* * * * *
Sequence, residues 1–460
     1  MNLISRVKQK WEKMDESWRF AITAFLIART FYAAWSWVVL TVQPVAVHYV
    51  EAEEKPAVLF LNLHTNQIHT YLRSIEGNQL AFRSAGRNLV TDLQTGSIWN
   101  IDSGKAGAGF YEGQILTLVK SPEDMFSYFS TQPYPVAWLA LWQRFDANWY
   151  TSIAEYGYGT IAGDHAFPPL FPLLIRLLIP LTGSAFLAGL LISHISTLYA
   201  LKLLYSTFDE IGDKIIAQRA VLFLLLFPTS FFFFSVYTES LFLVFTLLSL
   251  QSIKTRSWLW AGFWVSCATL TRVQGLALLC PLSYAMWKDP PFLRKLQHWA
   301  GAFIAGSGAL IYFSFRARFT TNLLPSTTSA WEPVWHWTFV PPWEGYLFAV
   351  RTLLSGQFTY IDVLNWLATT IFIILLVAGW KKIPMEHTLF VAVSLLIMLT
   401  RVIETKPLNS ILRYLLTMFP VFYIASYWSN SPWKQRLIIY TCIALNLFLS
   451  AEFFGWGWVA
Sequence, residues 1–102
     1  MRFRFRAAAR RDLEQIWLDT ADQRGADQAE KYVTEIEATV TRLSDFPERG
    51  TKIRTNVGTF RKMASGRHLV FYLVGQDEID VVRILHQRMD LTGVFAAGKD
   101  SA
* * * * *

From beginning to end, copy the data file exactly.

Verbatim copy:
Sequence, residues 1–460
     1  MNLISRVKQK WEKMDESWRF AITAFLIART FYAAWSWVVL TVQPVAVHYV
    51  EAEEKPAVLF LNLHTNQIHT YLRSIEGNQL AFRSAGRNLV TDLQTGSIWN
   101  IDSGKAGAGF YEGQILTLVK SPEDMFSYFS TQPYPVAWLA LWQRFDANWY
   151  TSIAEYGYGT IAGDHAFPPL FPLLIRLLIP LTGSAFLAGL LISHISTLYA
   201  LKLLYSTFDE IGDKIIAQRA VLFLLLFPTS FFFFSVYTES LFLVFTLLSL
   251  QSIKTRSWLW AGFWVSCATL TRVQGLALLC PLSYAMWKDP PFLRKLQHWA
   301  GAFIAGSGAL IYFSFRARFT TNLLPSTTSA WEPVWHWTFV PPWEGYLFAV
   351  RTLLSGQFTY IDVLNWLATT IFIILLVAGW KKIPMEHTLF VAVSLLIMLT
   401  RVIETKPLNS ILRYLLTMFP VFYIASYWSN SPWKQRLIIY TCIALNLFLS
   451  AEFFGWGWVA
Sequence, residues 1–102
     1  MRFRFRAAAR RDLEQIWLDT ADQRGADQAE KYVTEIEATV TRLSDFPERG
    51  TKIRTNVGTF RKMASGRHLV FYLVGQDEID VVRILHQRMD LTGVFAAGKD
   101  SA